Warren Buffet is one of the most successful investors in the United States and is also considered to be among the most successful business man in the world. When analyzing companies, Warren Buffett (in view of how he selects his business) uses the following financial ratios.
Return on Equity (ROE)
ROE measures the rate of return on the ownership interest (shareholders’ equity) of the common stock owners. It measures a firm’s efficiency at generating profits from every unit of shareholders’ equity (also known as net assets or assets minus liabilities). ROE shows how good a company uses investment funds to generate earnings growth. ROEs between 15% and 20% are considered desirable. The formula represents the fiscal year’s net income (after preferred stock dividends but before common stock dividends) divided by total equity (excluding preferred shares), expressed as a percentage.
Intrinsic Value is the actual value of a company in terms of both tangible and intangible factors, based on assets, on an underlying perception of its true value including all aspects of the business. This can be much different from what the market value is. Warren Buffett hasn’t exactly published his formula for what he calls the intrinsic value of a company, but he has dropped a number of hints.
Analysts agree he probably multiplies the estimated future earnings by a confidence margin between zero and a hundred. He uses there probable earnings and compares it to something he has total confidence in, by using a U.S. treasury yield as the rate (discounted).
The percentage of net earnings (not paid outÊas dividends to shareholders,) but retained by the company to be reinvested in its core business or to pay debt.
The formula calculates retained earnings by adding net income to (or subtracting any net losses from) beginning retained earnings and subtracting any dividends paid to shareholders:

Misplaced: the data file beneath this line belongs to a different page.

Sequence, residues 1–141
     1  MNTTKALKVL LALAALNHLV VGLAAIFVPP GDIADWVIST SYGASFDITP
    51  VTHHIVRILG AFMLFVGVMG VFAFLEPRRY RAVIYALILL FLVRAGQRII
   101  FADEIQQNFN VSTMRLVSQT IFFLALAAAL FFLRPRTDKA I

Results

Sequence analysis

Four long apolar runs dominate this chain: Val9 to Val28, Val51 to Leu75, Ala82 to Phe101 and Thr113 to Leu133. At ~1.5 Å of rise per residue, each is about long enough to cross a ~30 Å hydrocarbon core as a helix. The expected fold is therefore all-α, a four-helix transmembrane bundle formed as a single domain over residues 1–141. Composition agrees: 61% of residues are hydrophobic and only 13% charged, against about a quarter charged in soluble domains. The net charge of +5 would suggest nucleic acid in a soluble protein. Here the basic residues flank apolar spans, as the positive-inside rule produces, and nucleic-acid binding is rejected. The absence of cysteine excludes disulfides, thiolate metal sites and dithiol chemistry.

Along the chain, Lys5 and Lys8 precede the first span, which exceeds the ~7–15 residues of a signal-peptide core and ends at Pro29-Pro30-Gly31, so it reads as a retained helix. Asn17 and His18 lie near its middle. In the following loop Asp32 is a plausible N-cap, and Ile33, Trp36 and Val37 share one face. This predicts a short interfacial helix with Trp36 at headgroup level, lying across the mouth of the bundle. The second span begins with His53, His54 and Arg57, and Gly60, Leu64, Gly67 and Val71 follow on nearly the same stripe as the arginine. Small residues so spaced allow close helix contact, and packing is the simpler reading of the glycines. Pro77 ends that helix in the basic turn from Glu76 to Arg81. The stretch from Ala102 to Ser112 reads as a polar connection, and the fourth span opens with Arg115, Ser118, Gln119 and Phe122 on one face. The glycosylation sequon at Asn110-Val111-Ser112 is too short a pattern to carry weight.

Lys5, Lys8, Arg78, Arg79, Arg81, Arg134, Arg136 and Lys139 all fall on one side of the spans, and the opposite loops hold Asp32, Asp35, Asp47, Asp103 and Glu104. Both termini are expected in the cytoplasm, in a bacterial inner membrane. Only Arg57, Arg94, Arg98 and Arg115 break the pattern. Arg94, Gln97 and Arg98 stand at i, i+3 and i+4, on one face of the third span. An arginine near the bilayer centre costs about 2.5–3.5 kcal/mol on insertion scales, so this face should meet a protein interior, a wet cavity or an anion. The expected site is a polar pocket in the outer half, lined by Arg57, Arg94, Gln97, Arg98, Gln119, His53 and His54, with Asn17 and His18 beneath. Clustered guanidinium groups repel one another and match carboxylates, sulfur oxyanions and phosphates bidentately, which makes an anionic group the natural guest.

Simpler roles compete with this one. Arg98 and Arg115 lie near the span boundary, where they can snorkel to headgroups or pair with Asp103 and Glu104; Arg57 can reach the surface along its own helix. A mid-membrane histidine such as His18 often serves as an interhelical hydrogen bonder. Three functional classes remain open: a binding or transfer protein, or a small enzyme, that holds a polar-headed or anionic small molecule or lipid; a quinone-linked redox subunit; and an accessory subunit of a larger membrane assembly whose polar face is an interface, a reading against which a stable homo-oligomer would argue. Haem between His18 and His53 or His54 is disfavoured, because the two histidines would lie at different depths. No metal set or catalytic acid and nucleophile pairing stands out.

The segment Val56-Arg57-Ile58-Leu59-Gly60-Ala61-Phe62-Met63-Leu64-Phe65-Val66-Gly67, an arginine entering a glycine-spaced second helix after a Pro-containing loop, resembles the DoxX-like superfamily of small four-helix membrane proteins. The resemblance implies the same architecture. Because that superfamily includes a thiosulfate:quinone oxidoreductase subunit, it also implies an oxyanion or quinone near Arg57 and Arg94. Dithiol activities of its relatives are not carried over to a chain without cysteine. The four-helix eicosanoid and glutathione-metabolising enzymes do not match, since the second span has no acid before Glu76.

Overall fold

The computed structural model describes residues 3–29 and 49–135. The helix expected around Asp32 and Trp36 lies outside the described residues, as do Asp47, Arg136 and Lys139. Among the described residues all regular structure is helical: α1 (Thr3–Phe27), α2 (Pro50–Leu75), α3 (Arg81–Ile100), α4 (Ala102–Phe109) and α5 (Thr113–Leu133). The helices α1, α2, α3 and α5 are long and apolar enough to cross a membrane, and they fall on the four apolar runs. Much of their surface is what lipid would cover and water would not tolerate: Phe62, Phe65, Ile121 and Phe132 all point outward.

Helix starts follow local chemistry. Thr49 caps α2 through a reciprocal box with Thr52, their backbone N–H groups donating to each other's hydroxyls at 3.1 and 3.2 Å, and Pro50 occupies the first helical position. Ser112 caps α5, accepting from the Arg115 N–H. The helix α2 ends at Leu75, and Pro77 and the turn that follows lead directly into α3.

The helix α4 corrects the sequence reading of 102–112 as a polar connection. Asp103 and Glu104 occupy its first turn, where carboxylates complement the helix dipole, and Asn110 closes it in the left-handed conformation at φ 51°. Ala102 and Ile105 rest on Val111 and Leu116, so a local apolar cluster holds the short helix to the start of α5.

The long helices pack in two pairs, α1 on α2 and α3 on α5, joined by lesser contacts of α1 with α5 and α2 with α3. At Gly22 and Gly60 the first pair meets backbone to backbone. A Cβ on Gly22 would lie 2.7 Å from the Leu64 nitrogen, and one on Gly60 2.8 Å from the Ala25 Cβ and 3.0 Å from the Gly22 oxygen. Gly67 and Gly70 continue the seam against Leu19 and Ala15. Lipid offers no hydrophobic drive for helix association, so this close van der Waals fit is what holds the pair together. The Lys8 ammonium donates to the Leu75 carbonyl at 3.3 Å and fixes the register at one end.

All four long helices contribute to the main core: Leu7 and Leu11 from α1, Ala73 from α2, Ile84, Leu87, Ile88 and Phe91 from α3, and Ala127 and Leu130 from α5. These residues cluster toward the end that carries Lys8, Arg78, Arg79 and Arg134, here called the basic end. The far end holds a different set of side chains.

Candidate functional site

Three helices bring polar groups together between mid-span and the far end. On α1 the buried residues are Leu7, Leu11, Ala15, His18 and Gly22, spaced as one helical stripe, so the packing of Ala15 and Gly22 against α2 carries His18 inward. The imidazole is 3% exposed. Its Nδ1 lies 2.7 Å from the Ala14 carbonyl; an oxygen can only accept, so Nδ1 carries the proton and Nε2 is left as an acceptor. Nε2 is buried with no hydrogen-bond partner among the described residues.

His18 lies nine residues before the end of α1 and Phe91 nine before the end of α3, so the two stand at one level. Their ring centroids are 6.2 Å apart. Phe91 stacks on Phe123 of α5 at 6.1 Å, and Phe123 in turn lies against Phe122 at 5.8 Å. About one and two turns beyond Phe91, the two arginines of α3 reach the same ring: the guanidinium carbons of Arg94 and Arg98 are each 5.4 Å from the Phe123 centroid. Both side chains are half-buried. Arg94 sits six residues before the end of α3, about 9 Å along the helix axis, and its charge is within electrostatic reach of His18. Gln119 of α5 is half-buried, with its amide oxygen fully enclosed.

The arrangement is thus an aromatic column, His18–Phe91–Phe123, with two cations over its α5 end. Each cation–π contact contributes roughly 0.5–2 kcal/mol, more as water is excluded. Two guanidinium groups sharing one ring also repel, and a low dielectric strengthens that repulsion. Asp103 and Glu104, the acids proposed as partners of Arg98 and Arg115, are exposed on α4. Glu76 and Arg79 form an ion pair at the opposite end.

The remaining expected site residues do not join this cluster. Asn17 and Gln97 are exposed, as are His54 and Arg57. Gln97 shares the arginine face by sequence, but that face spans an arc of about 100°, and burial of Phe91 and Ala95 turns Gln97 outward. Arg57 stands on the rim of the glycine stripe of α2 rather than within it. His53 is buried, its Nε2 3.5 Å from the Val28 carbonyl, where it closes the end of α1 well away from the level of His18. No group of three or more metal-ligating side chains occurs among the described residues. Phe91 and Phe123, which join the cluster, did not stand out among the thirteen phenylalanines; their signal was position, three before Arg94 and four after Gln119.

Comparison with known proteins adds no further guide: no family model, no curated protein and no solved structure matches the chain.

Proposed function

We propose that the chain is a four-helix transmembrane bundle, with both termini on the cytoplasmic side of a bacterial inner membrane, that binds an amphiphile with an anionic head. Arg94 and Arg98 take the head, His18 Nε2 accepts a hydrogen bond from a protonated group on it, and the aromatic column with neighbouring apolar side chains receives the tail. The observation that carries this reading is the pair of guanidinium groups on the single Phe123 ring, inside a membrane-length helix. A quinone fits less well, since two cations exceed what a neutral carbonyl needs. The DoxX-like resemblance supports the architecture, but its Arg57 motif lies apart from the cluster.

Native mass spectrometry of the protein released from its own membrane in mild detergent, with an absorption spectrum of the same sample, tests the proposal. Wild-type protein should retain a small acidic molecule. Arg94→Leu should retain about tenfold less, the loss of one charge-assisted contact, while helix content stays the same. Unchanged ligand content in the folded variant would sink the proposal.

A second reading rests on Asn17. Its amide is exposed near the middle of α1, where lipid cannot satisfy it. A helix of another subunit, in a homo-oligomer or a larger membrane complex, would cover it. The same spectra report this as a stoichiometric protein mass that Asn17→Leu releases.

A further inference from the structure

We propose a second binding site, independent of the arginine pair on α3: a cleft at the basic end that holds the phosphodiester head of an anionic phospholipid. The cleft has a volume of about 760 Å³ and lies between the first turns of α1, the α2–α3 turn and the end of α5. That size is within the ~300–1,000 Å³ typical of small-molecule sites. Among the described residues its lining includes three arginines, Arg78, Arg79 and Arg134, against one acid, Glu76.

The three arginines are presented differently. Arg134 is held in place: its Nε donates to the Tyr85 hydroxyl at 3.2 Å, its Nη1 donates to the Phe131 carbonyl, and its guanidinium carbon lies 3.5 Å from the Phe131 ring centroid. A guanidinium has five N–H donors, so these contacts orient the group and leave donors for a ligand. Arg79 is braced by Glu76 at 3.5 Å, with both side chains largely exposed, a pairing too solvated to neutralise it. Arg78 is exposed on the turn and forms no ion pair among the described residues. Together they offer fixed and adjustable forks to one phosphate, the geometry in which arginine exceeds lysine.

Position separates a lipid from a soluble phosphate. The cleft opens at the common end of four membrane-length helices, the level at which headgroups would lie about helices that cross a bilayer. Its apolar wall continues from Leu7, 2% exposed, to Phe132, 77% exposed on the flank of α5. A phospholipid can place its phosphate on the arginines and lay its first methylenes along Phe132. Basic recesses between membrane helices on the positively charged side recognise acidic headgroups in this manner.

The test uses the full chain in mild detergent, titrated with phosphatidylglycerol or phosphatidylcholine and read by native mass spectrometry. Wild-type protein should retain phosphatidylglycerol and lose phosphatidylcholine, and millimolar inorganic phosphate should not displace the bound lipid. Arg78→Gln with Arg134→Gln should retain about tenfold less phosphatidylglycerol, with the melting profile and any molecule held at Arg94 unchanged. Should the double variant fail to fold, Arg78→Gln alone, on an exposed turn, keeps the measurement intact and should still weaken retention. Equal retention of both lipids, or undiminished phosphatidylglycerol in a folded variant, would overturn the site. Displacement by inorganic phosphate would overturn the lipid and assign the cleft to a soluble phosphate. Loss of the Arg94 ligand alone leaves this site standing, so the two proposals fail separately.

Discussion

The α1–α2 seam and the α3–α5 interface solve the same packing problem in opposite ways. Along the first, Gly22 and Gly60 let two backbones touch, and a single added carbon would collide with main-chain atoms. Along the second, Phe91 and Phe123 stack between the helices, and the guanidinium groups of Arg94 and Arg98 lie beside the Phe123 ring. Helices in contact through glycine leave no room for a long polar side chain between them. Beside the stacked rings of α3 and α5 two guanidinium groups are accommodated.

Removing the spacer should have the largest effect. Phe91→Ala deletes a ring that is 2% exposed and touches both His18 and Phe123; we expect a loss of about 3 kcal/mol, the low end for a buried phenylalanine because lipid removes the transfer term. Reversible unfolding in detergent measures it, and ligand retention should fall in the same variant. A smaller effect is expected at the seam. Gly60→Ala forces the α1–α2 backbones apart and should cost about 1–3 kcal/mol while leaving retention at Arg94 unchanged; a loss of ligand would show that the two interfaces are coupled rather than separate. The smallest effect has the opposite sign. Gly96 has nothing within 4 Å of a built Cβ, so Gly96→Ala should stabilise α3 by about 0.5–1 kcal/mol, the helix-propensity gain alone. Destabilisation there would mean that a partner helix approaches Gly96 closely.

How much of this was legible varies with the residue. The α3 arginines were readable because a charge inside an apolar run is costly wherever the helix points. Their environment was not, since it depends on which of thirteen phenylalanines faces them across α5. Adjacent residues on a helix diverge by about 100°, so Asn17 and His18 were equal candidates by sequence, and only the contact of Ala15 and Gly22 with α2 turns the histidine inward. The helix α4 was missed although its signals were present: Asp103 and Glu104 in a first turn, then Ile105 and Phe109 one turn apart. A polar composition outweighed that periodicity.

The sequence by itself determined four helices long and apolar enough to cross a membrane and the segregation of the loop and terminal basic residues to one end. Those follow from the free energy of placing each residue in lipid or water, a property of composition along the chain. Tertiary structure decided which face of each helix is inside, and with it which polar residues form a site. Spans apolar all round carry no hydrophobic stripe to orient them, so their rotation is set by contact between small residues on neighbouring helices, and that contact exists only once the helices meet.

Also known as the “retention ratio” or “retained surplus”. Warren Buffett, determines that the management of a company is competent, when they can use the retained earnings well. If the management uses them foolishly, then Buffet would rather go with companies who give shareholders full dividends.
Profit margin is simply profit divided by sales. This means that there are as many measures of profit margin as there are measures of profit. Buffett looks for companies with above-average profit margins. Net profit margin equals to the total net income divided by total sales for the same period.
For instance, a company would have a 20% net profit margin if it earned $20 million on sales of $100 million ($20 million divided by $100 million).
The higher the net profit margin, then a higher profitability can be expected from the company.
Warren Buffett uses a calculation called Owner’s Earnings which determines how much actual cash a company can produce for a true owner. Things like goodwill, depreciation, or huge pension returns make up these factors. These are good ÒbuyÓ signals for companies with consistent growth. The discounts means very little for inconsistent growers and heavily cyclical companies. He has referred to the owner earnings of a company as the true measure of earnings. He has defined Ôowner earning’s as: Reported earnings + depreciation, amortization, other non-cash items – average annual amount of capitalized spending on plant, machinery, equipment (and presumably research and development).
All in all, these are just some of the top five ratios and considerations Warren Buffett uses to analyze companies and where to invest.